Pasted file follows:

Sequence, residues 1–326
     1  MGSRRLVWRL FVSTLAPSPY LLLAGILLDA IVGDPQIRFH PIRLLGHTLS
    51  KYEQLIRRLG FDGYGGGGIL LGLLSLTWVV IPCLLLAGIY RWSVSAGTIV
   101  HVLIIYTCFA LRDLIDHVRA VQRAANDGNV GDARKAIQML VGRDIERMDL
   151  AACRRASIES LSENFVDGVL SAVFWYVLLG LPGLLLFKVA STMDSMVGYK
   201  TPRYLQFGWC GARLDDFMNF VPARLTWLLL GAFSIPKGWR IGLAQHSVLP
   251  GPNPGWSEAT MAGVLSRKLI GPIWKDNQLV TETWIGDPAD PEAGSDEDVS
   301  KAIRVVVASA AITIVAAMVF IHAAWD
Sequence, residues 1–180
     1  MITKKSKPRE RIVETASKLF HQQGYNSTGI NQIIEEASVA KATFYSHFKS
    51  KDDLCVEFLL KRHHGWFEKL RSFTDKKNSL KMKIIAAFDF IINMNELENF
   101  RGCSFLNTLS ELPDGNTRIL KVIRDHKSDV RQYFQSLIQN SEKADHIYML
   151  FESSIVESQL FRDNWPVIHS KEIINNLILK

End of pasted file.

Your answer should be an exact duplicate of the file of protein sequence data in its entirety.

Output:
Sequence, residues 1–326
     1  MGSRRLVWRL FVSTLAPSPY LLLAGILLDA IVGDPQIRFH PIRLLGHTLS
    51  KYEQLIRRLG FDGYGGGGIL LGLLSLTWVV IPCLLLAGIY RWSVSAGTIV
   101  HVLIIYTCFA LRDLIDHVRA VQRAANDGNV GDARKAIQML VGRDIERMDL
   151  AACRRASIES LSENFVDGVL SAVFWYVLLG LPGLLLFKVA STMDSMVGYK
   201  TPRYLQFGWC GARLDDFMNF VPARLTWLLL GAFSIPKGWR IGLAQHSVLP
   251  GPNPGWSEAT MAGVLSRKLI GPIWKDNQLV TETWIGDPAD PEAGSDEDVS
   301  KAIRVVVASA AITIVAAMVF IHAAWD
Sequence, residues 1–180
     1  MITKKSKPRE RIVETASKLF HQQGYNSTGI NQIIEEASVA KATFYSHFKS
    51  KDDLCVEFLL KRHHGWFEKL RSFTDKKNSL KMKIIAAFDF IINMNELENF
   101  RGCSFLNTLS ELPDGNTRIL KVIRDHKSDV RQYFQSLIQN SEKADHIYML
   151  FESSIVESQL FRDNWPVIHS KEIINNLILK